Rethinking Psychopathology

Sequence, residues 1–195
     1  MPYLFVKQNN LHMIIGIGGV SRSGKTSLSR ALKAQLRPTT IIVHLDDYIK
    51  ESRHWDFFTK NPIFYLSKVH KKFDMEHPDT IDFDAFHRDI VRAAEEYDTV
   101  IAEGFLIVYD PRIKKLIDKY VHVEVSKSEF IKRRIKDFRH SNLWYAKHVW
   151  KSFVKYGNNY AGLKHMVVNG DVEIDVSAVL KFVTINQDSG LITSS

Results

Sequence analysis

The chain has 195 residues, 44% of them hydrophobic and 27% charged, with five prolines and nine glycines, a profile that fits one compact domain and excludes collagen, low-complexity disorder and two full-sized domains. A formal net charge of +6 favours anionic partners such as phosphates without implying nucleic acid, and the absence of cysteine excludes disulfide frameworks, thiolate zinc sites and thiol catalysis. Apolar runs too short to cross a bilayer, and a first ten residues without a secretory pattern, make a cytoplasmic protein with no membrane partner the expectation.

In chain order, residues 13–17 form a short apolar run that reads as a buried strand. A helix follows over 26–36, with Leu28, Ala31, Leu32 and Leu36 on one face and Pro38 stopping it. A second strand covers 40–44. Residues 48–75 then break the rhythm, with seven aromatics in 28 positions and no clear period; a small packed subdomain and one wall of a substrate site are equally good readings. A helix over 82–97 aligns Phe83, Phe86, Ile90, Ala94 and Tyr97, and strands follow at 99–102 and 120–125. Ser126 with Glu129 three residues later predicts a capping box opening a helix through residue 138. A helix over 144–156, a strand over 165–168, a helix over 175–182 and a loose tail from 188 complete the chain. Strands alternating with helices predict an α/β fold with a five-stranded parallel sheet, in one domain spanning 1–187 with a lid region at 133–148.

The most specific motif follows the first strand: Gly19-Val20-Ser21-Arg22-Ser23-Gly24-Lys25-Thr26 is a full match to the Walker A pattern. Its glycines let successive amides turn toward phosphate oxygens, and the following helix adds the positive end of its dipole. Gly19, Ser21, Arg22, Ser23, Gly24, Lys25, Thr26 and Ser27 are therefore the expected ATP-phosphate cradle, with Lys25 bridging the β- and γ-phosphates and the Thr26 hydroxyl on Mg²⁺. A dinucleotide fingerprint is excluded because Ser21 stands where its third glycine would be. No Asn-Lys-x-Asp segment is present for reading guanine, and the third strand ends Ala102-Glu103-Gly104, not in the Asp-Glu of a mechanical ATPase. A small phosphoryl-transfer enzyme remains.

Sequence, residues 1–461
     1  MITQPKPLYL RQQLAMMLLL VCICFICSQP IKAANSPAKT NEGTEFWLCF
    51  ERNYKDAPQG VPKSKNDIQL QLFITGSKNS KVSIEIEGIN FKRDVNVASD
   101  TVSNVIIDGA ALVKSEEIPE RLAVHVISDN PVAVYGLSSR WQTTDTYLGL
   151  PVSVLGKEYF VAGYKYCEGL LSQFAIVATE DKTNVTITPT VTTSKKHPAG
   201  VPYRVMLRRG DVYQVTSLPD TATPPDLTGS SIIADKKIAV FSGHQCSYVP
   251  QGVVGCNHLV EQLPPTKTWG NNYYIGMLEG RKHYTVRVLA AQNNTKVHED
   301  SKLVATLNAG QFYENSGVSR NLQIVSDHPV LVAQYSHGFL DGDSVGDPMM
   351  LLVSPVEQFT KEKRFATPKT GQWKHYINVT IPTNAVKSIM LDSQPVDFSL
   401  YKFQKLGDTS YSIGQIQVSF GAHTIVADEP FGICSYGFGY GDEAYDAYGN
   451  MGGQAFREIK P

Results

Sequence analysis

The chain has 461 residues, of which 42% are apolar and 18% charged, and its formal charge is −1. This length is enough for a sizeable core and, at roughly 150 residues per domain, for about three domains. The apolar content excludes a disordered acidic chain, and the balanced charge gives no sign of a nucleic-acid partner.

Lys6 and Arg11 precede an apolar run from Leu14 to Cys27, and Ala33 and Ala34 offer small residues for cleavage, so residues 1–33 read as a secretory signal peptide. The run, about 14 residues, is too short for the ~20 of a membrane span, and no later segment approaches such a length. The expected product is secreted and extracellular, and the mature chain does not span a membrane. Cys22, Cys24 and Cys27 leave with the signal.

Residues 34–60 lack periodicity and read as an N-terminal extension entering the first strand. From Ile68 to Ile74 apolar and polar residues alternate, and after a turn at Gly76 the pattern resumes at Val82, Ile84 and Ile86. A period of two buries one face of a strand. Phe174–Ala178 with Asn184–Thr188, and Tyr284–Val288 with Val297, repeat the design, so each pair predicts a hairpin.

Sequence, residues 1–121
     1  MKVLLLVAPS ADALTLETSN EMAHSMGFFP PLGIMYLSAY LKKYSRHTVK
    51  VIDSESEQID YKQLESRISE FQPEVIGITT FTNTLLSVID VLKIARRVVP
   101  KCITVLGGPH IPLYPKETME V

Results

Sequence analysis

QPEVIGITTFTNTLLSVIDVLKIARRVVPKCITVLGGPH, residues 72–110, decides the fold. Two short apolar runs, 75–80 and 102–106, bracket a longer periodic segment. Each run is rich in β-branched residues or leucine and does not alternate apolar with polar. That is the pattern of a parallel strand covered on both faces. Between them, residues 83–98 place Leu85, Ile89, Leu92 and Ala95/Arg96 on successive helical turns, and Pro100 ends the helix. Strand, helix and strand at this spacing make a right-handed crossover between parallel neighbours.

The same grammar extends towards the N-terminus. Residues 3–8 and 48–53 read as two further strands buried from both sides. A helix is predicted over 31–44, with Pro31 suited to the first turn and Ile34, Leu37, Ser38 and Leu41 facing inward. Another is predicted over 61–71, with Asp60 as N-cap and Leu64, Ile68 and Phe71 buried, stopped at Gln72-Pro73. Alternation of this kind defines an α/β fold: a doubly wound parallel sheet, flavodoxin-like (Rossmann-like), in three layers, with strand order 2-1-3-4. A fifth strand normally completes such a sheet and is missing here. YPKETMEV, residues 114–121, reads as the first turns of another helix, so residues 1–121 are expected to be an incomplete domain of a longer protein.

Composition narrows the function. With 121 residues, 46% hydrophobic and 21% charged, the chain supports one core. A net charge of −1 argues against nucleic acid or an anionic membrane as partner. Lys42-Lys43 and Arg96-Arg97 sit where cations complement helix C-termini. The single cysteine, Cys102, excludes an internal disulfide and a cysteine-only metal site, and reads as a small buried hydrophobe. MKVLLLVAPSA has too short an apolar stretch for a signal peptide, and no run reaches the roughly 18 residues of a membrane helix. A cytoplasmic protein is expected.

This is an interactive assignment the instructions is listed below: Rethinking Psychopathology Prior to beginning work on this interactive assignment, review your instructor’s initial forum post, and watch The Nature of the Mind–Part One: The Roots of Psychological Disorder. (Links to an external site.)Links to an external site. It is recommended that you read Chapters 1, 2, 3, 6, 8, and 10 in Positive Psychology: Theory, Research and Applications, Please note that the video selected for this week is dense and may be difficult to understand upon first viewing. You are encouraged to watch the video more than once over the course of several days to better understand the conversation in more depth. PSY645Week6IA.png As a scholarly member of the psychological community, you will be expected to engage in philosophical conversations on the nature of psychopathology and changes in the mind. This interactive assignment is an opportunity to have a philosophical conversation with your instructor and classmates on positive psychology and the nature of psychological suffering. For your posts in this forum, you will follow the instructions provided to you in the instructor guidance for this week. As a class, you will judge and comment on the use of diagnostic manuals and handbooks including how they may limit our understanding of psychopathology. Guided Response: The goal of this discussion is to have a single, dynamic, and respectful conversation about positive psychology and the nature of psychological suffering, not a series of 20 to 30 separate conversations. This means that every post should be in response to another student’s post, creating one long thread. Only start a new discussion thread if you want to address an entirely different theme or question(s) within the discussion subject area. Additionally, only post after first carefully reviewing your colleagues’ posts within the thread. Review several of your colleagues’ posts. Post at least twice by 11:59 p.m. on Day 7 of the week. You are encouraged to post your required replies earlier in the week to promote more meaningful interactive discourse in this forum. Each of your responses to your peers should include a summary of the thoughts presented by your colleague as well as your evaluation of your colleague’s comments in a manner that contributes to the further understanding of the various phenomena under consideration. Simple agree and/or disagree statements are insufficient to be counted as a response. When presenting your opinion, be certain to cite relevant references which support your claims. Do not repeat what your classmates have already stated, and do not ignore them if they ask you questions. Any questions asked of you must be answered, including questions from your instructor. Try to keep the conversation moving forward by presenting options, insights, alternative ideas on and/or interpretations of the topics and research. Continue to monitor the discussion forum until 5:00 p.m. Mountain Standard Time (MST) on Day 7 of the week and be sure to answer any questions your colleagues pose to you. Carefully review the Discussion Forum Grading Rubric for the criteria that will be used to evaluate this Discussion Thread. Search entries or author Search entries or author Filter replies by unread Unread Collapse replies Expand replies Subscribe Reply Reply to Main Discussion Collapse SubdiscussionTracy Nichols Tracy Nichols Saturday Aug 26 at 9:48pm Manage Discussion Entry Hello Professor Sexton and classmates, At the point when scholars need a case of a man who does not have the capacity to do else, they swing to psychopathology. Addicts, agoraphobics, compulsive pilferers, psychotics, obsessives, and even psychopathic serial killers, are altogether purportedly subject to compelling wants that propel the individual to act. Philosophy is not new to the fact of psychopathology as rendering a man weak even with its requests. Most likely, pop culture takes a comparative perspective of numerous mental issues. The essential point of this paper is to contend that this origination of psychopathology is false, and, in this manner, to offer an observationally and clinically educated comprehension of disarranges of organization, as I might call these conditions, where center indications or keeping up variables of the confusion incorporate activities and exclusions Michael Fara posits psychopathic serial murderers are powerless to prevent themselves from killing, just as an addict is powerless to prevent himself or herself from using drugs, is, to put it bluntly, shocking. We should pause, and ask ourselves some flat-footed questions. How is it possible to conceive of murder in this way? How could a person not be able to stop themselves intentionally killing someone else? How could murder be an action a person is powerless to prevent? Positive brain research supplements instead of replaces conventional treatment, in which objectives incorporate knowing yourself better, facilitating enthusiastic agony and disarray, and growing better methods for adapting. While you work to diminish undesirable musings or practices, there is a question of why not have a go at building bliss also. Pain can be portrayed as penetrating, boring, copying, pounding, throbbing, stinging, pressing, et cetera. Each of the descriptors suggests the nearness of a weapon or weapon-like protest that can harm the body—the bore that penetrates, the discharge that copies. Individuals with mental torment utilize the exceptionally same similitudes to portray their encounters. A bereaved man who lost his wife after a home invasion that saw the wife rapped by the six-man gang can be traumatized by such events for a long time. He can remain quiet for so long by the crippling torment of misfortune, but in the end when he opens up to a specialist, he will have a broken spirit and a change psychologically. He can offer an explanation on what he feels, he can say it felt like a bomb, he clarified, that detonated within him, devastating everything in his body. In pain, we feel as if there must be some weapon-like object like a bomb that is moving toward and threatening us; that when it strikes, it will injure, possibly even destroy us; and that we must get away from it or shield ourselves at all costs. Even when there is nothing coming at us, when there is no injury, when we remain motionless, we feel the movement, the injury and the desire to run. Whatever happens that makes us feel these things—the loss of a loved one or the physical destruction of cancer—we experience pain. References Krishnamurti Online (Producer). (1982, April 16). The nature of the mind–Part one: The roots of psychological disorder (Links to an external site.)Links to an external site.[Video file]. Retrieved from (Links to an external site.)Links to an external site.